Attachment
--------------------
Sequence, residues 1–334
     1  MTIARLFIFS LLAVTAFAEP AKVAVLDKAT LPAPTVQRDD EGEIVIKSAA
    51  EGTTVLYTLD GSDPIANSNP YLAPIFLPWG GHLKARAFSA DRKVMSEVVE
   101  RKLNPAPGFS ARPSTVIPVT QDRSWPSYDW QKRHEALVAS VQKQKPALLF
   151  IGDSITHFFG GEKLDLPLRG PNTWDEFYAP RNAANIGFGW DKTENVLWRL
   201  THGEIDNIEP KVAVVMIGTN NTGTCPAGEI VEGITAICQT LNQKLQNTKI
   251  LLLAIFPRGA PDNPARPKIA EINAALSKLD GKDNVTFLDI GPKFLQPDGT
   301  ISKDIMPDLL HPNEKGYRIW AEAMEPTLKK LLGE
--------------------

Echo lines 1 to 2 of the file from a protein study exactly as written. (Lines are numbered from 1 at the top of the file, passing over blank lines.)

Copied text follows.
Sequence, residues 1–334
     1  MTIARLFIFS LLAVTAFAEP AKVAVLDKAT LPAPTVQRDD EGEIVIKSAA